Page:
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Days before death, pilot wrote about ‘blanking out’
In an article, he described the phenomenon which, Navy suspects, may have caused the crash
Posted online: Wednesday, January 04, 2006 at 0133 hours IST
NEW DELHI, JANUARY 3: Days before Navy pilot Lt Commander Harpawan Pannu gunned his Sea Harrier fighter for what would be his last take-off, he had warned of the dangers of disorientation while flying a fighter in a Naval flight safety journal.
Ironically, it is precisely this condition which, the Navy suspects, caused the crash that killed the 30-year-old pilot.
Apart from the almost prophetic nature of Pannu’s article in the November’s issue of Meatball —the Navy’s in-house flight safety journal—the Naval Headquarters is still befuddled by the circumstances surrounding the accident at Goa’s Dabolim airfield on December 5.
That morning, Pannu, a pilot with the INAS 552 squadron, had been on a full thrust take-off roll in his Sea Harrier. But the alarmed Air Traffic Controllers watched as the jet zoomed far beyond the point at which it was to lift off.
Seconds before the aircraft rammed a concrete wall at the far end of the tarmac, Pannu contacted the controllers to say ‘‘barrier approaching’’.
The next moment, they saw the fireball.
Supporting the Navy’s suspicions that Pannu may have ‘‘frozen at the controls’’ or ‘‘blanked out’’ is the fact that he had not reported any mechanical failure, which he would have done if there was a component malfunction.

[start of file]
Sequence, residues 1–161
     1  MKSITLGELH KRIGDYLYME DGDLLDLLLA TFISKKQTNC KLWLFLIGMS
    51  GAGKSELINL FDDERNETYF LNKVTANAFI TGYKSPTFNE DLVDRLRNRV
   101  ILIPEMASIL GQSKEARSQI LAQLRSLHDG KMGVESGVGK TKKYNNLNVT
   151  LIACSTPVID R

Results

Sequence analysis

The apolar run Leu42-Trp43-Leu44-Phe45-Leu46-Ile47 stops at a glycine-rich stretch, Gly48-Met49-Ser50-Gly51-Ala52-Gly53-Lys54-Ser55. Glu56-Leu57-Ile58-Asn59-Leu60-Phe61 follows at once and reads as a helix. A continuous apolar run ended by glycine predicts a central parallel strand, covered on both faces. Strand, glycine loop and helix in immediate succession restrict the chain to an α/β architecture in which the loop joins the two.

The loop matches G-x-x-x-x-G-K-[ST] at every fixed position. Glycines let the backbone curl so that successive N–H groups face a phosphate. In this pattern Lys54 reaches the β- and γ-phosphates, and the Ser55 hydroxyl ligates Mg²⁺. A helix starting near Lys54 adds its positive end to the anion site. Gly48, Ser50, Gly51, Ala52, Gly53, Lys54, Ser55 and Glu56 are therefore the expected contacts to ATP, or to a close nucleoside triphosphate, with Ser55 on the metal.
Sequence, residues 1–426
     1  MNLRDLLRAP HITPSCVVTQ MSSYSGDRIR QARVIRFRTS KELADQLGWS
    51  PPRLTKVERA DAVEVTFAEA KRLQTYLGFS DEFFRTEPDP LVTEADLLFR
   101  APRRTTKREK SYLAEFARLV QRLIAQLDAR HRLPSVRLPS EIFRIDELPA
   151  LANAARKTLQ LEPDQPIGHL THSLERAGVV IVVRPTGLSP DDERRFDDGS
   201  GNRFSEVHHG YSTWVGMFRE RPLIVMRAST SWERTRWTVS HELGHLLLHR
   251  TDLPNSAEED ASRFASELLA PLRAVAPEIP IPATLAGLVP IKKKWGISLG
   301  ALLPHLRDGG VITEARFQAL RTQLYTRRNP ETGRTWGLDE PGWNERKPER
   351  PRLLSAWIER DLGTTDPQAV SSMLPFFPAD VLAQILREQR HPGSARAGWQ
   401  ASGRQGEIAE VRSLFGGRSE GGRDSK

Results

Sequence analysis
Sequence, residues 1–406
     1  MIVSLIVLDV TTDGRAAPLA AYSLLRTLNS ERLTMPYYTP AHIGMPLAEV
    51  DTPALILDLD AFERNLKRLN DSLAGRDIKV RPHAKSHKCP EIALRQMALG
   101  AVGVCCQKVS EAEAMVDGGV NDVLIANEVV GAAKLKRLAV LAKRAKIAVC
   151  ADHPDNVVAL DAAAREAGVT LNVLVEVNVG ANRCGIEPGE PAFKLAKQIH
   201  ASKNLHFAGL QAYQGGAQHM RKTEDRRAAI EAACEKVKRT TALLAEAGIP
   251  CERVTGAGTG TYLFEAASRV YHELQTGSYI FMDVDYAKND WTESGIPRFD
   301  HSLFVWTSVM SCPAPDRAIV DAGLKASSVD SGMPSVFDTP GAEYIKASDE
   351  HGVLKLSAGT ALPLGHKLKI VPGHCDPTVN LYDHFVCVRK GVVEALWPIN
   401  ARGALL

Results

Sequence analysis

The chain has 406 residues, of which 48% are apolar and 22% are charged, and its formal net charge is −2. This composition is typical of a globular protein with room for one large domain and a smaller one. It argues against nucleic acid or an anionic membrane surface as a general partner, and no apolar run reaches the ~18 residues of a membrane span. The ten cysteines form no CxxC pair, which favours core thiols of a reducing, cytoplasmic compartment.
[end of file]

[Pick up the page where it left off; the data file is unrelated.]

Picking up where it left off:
Pannu had gone through the mandatory pre-flight medical tests and was cleared for the mission.
Sources told The Indian Express that the court of inquiry ordered to investigate the crash has had little success in isolating a cause, because there was hardly any material evidence left to work with. The aircraft had been almost completely destroyed.
In the journal, in article titled ‘‘It Happened To Me’’, Pannu had described a dangerous situation he encountered years ago while being flight-trained on a MiG-21 T-69 trainer aircraft at the Tezpur MiG training unit. Presenting a detailed account of what could easily have ended in an engine flameout and crash of the trainer, Pannu wrote, ‘‘...one has to be very much alive to the present situation and this can only be done by learning and practising the checks and procedures again and again’’.
The footnote to his article reads: ‘‘A person who learns from his mistakes is smart. A person who learns from other people’s mistakes is smarter.’’ Meanwhile, remembering him as one of its bright, highly capable and upcoming officers, the Navy has decided to honour Pannu’s memory in a special way.
Footage of the officer at the Goa Naval air base will be a prominent part of a short film being made by the Navy for its upcoming fleet review.